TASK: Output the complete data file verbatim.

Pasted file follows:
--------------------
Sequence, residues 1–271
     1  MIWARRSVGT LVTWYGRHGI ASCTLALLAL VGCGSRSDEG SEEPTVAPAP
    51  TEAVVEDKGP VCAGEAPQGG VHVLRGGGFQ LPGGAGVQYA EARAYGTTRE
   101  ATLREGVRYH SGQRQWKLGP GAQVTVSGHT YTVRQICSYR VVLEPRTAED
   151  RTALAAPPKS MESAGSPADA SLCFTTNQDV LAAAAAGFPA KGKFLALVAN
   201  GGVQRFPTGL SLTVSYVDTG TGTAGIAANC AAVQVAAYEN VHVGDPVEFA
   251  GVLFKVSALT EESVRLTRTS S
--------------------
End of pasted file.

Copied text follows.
Sequence, residues 1–271
     1  MIWARRSVGT LVTWYGRHGI ASCTLALLAL VGCGSRSDEG SEEPTVAPAP
    51  TEAVVEDKGP VCAGEAPQGG VHVLRGGGFQ LPGGAGVQYA EARAYGTTRE
   101  ATLREGVRYH SGQRQWKLGP GAQVTVSGHT YTVRQICSYR VVLEPRTAED
   151  RTALAAPPKS MESAGSPADA SLCFTTNQDV LAAAAAGFPA KGKFLALVAN
   201  GGVQRFPTGL SLTVSYVDTG TGTAGIAANC AAVQVAAYEN VHVGDPVEFA
   251  GVLFKVSALT EESVRLTRTS S